What is Linux init process?

What is Linux init process?

init is parent of all Linux processes with PID or process ID of 1. It is the first process to start when a computer boots up and runs until the system shuts down. init stands for initialization.

What is the init process in Linux?

Init is the parent of all processes, executed by the kernel during the booting of a system. Its principle role is to create processes from a script stored in the file /etc/inittab. It usually has entries which cause init to spawn gettys on each line that users can log in.

How many runlevels are available in Linux?

seven runlevels
A runlevel is a mode of operation in the computer operating systems that implements Unix System V-style initialization. Conventionally, seven runlevels exist, numbered from zero to six.

What is Linux init?

How do I change runlevels in Linux?

You can change the runlevels using the command telinit (stands for telling init o change runlevel). This actually signals “init” process to change runlevel.

What does init 6 do in Linux?

These are generally defined as: The init command tells the system to move to the specified runlevel. Because 6 is the commonly defined runlevel used to reboot the host, and init 6 (or telinit 6) is the means to go to that runlevel, this is why init 6 is generally understood to be a reboot command.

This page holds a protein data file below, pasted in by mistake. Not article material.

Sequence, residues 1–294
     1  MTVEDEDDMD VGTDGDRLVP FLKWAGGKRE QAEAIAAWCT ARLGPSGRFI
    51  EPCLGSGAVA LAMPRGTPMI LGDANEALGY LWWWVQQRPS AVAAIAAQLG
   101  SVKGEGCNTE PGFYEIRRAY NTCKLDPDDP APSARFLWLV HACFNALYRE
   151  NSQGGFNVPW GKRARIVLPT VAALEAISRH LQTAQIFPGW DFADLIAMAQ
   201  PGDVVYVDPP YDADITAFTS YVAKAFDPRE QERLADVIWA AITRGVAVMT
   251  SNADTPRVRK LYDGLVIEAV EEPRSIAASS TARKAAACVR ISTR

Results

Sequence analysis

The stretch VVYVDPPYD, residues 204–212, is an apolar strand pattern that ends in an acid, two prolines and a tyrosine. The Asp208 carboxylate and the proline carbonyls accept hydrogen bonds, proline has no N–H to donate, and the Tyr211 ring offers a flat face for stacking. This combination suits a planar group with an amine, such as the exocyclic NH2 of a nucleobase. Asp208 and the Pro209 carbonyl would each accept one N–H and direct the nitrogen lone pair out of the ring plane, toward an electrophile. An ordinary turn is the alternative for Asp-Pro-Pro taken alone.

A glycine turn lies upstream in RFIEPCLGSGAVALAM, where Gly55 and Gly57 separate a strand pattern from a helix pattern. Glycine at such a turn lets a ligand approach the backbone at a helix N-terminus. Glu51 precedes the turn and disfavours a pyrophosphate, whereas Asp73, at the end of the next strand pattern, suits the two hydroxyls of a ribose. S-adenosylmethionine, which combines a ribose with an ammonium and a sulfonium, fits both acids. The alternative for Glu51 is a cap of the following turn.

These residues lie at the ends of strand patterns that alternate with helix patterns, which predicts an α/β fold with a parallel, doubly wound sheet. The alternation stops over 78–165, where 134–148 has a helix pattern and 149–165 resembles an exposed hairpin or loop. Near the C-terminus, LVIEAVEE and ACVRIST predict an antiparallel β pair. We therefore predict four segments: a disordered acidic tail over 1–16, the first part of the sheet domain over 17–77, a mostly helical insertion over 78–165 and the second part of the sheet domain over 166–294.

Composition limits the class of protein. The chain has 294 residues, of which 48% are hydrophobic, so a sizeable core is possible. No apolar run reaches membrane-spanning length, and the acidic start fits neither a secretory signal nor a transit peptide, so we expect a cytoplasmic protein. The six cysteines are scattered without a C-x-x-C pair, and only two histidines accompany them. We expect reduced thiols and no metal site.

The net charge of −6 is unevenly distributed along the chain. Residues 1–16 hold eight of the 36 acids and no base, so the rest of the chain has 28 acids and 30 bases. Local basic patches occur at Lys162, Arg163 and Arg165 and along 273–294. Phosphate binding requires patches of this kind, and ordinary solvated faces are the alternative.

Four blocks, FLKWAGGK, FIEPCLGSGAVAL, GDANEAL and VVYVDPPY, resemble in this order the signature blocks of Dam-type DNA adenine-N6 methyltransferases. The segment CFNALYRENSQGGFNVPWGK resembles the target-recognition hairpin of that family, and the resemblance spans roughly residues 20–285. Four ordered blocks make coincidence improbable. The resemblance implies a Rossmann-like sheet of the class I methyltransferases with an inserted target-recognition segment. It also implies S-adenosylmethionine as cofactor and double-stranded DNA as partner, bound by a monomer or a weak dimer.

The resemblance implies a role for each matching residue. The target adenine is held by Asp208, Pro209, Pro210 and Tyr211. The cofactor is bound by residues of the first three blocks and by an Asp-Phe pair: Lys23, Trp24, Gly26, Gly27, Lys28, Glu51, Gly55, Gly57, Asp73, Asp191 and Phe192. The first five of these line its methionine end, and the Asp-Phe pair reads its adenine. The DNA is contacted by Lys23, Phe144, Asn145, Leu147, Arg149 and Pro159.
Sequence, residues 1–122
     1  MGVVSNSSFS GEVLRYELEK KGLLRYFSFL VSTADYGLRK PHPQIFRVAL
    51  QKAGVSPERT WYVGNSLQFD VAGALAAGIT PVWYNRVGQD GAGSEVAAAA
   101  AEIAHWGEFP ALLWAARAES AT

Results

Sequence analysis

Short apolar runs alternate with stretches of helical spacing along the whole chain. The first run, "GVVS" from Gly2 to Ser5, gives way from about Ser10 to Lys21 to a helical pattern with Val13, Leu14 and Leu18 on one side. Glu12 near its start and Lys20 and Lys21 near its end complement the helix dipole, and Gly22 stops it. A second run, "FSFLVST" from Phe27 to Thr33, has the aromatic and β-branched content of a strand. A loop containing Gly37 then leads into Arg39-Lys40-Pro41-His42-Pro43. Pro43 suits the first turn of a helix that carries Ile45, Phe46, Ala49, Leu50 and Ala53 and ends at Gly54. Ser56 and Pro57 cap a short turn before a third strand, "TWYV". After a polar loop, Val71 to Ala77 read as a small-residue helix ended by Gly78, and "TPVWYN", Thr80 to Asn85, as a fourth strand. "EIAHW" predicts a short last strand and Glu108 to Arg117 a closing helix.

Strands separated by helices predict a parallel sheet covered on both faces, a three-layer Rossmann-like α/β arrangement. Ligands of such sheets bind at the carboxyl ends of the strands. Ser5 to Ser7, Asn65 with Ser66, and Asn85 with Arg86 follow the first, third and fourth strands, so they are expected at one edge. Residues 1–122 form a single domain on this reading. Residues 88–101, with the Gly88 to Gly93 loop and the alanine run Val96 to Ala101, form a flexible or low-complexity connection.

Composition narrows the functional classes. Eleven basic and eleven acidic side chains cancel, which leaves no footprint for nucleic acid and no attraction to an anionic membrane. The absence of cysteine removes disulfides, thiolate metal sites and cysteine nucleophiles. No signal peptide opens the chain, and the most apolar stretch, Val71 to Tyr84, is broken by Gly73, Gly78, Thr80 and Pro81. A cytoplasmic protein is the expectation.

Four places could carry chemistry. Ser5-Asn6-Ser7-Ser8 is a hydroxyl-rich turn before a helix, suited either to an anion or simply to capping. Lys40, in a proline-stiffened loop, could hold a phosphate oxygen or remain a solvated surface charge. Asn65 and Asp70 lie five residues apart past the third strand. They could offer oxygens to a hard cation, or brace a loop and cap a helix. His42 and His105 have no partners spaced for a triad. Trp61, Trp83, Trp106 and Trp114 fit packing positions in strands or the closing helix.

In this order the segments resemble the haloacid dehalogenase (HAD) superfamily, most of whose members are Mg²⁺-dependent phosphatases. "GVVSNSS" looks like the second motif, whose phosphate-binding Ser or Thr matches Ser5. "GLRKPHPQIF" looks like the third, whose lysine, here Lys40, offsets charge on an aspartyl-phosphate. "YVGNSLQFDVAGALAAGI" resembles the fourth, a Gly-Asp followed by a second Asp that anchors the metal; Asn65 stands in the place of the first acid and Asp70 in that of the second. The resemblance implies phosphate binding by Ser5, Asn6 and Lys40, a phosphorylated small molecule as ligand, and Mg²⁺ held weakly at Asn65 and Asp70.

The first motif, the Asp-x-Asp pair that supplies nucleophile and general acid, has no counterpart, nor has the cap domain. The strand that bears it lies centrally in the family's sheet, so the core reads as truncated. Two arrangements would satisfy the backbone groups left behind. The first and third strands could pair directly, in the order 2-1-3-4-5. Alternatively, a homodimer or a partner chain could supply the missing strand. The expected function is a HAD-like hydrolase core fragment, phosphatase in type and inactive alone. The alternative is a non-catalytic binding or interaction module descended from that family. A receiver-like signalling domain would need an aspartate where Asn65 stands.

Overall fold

What is the difference between reboot and init 6?

Internally they do exactly the same thing: reboot uses the shutdown command (with the -r switch). init 6 tells the init process to shutdown all of the spawned processes/daemons as written in the init files (in the inverse order they started) and lastly invoke the shutdown -r now command to reboot the machine

What is the use of inittab in Linux?

It runs as a daemon and typically has PID 1. It is the parent of all processes. Its primary role is to create processes from a script stored in the file /etc/inittab file. The main advantages is flexibility and scalability provided by SysV.

Why don’t all Unix variants use the same runlevels for init?

This is because “traditional” Unix variants don’t use them. In case you’re curious, runlevels S and s are in fact the same. Internally they are aliases for the same runlevel. After init is invoked as the last step of the kernel boot sequence, it looks for the file /etc/inittab to see if there is an entry of the type initdefault (see inittab (5)).